Anyway, Day one began in Roy Underhill’s TIMBER! session, where he took a 7 ft. long Tulip Poplar log down to a 4″ x 8″ beam, doing it only as Roy can-with a mix of humor, history and death-defying stunts. After all, the log was perched on 2 saw horses, which in turn were on a raised, kind of shaky platform. Damn.


Later on, it was on to Megan Fitzpatrick’s dovetail class. As I am a newbie to this stuff, this was just what I needed. Dovetails don’t have to be perfect, and there are creative ways to fix mistakes. After this, I headed down to the marketplace for the first time to do some scouting for purchasing later on. After a while, a bunch of us headed out for a gourmet lunch.


Most of the rest of the afternoon was spent in the Marketplace, looking at more tools and figuring the best way to distribute my budget. After a little of that, I found Tom, Chris and Dyami from @MWA_National setting up to record their podcast in the back of the Marketplace, and hung around long enough to capture some good-natured ribbing from Marc, Matt and Shannon of @WoodTalkShow fame.


From here it was on to the Online Woodworking Roundtable, where the host of the above mentioned podcasts along with a few other notables from the online community got together to discuss how they got their start online and how to get more folks involved to help spread the word. Overall, a great session and one they should bring back next year to continue the discussion. As usual, Tom was his usual shy, retiring self, so ill at ease in the spotlight 🙂


When all this was over and we had a few moments to catch our breath and take stuff back to our rooms, we hopped on the Trolley to head over to the Hofbrauhaus in nearby Newport for more energetic woodworking talk, very good food and beer (served in convenient 1 liter glass steins!), and more polka music than I’ve ever heard before. Overall, a great time with some great people.


Well, I just realized that this post is starting to ramble on a bit, and I haven’t even gotten to the rest of the weekend yet! Thanks for taking the time to stop by and take a look! I’ll try and post more as I have a chance.

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Posted in General

What Are You Waiting For? Get Woodworking!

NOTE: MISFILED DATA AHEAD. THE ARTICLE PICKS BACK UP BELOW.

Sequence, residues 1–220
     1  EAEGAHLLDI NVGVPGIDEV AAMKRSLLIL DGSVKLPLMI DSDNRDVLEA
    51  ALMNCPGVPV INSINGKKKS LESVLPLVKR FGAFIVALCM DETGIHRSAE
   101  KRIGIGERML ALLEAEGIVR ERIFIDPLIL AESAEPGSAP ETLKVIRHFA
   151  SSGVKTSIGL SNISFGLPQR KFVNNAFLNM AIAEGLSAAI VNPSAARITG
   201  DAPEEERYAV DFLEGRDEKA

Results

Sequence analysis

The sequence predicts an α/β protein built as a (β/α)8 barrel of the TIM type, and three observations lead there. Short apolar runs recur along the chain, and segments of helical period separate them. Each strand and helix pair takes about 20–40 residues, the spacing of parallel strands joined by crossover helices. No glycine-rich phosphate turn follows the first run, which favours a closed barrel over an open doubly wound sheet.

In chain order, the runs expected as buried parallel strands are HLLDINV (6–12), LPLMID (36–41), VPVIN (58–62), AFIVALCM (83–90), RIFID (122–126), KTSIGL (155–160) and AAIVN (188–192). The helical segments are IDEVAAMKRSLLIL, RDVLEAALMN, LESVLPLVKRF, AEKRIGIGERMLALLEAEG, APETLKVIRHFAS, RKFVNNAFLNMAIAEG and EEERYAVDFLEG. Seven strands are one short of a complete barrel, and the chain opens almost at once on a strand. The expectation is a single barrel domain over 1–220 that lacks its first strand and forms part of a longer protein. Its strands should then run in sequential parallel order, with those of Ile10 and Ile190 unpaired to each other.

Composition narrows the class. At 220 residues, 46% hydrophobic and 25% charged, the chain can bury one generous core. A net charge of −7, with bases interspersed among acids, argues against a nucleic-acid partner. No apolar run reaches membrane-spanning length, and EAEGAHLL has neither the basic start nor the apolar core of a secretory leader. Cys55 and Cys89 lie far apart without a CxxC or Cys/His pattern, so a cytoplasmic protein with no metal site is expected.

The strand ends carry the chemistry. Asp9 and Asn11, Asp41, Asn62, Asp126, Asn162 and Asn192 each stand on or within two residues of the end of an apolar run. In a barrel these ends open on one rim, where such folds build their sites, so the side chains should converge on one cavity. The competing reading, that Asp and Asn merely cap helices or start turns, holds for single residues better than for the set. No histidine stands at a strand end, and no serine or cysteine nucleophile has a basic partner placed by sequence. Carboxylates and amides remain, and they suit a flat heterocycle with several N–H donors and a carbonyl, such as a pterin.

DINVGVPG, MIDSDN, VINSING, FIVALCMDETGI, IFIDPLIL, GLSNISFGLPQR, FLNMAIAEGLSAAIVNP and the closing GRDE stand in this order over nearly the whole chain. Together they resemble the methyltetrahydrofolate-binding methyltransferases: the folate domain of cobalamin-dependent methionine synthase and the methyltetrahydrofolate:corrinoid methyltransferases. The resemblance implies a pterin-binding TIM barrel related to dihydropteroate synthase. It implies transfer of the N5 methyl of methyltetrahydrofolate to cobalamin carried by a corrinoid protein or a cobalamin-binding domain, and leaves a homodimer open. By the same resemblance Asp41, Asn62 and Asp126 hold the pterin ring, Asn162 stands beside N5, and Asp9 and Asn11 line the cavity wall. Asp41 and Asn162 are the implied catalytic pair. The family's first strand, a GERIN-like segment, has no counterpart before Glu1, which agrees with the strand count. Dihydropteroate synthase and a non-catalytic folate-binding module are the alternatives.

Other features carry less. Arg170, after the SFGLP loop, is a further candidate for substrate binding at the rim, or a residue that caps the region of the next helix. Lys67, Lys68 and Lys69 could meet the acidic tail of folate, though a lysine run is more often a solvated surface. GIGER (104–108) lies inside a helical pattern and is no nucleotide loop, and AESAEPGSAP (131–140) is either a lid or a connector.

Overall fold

GWW13 - Bevel

We’re coming to the end of Get Woodworking Week, the brainchild of my friend and blogger extraordinaire, Tom Iovino of Tom’s Workbench. I’ve been banging my head against the proverbial wall all week trying to come up with a topic to share, so I started thinking back to what got me into woodworking. And I think this is true of many of us that have taken up this hobby and that is to believe that we can make something, usually for our homes, that fits a particular need in our lives or household that really can’t be bought in any store, or the ones you can buy are pretty much crap, and we know we can somehow do better. In my case that item was a stool. What made this stool unique to me was that it was made to help my wife while she was nursing our second child. You see, my wife (actually ex-wife now but go with me here) is relatively short at about 5′ even, and when she would use the rocking chair to nurse, her feet couldn’t make steady contact with the floor in order to go comfortably back and forth. So, I came up with the idea of making a foot stool for her that was just high enough for her to keep her feet firmly planted, but with an angled top to keep her feet at a comfortable angle. Below is what I came up with.

The top came from an old drawer front, and the legs from a short piece of poplar from Home Depot. The tools involved weren’t much-a circular saw, jigsaw for the arch on the legs, and an old router borrowed from my dad with a round-over bit, screws, glue, some stain and wipe-on poly. That’s it. It worked out perfectly for her, and when she was done using it, my mom decided it would be perfect for her to prop up her feet while at the kitchen table. My mom used it up until she passed away this past year, a good seventeen years or so of continuous use between the two of them. It’s got it’s share of dings, but has held up pretty darn well. The stool is now back with me and I have no idea what I’m going to do with it, but I’m sure it’ll come in handy to someone somewhere.

It’s not much, but I made it, it got used, and that’s pretty cool.

Posted in Misc.

Been a Little Quiet Lately…

This blog has been too quiet for too long, which wasn’t at all intentional. Heck, I didn’t even finish out a full year before I flamed out. I’m not really sure what happened, but I don’t plan on letting it happen again anytime soon. I know-famous last words right? Thinking back, The basement/shop had just gotten so cluttered it was hard to even move around down there, so I took a very long, systematic approach to cleaning it out as best I could. Translation-I’m really slow. Many trips to the dump, Goodwill and the like at least got me some workable floor space. Meanwhile, my son, after spending the entire spring in Italy for a so-called “Study Abroad” program where he visited more countries in 4 months than I have in my life, stayed in Boston for an internship and additional classes all summer. So the extra muscle I was hoping to have on hand was only home for maybe 4 days to reload for the fall semester. With him heading off to his final year, and my daughter starting her first year down south in Savannah, it was a hectic couple of weeks.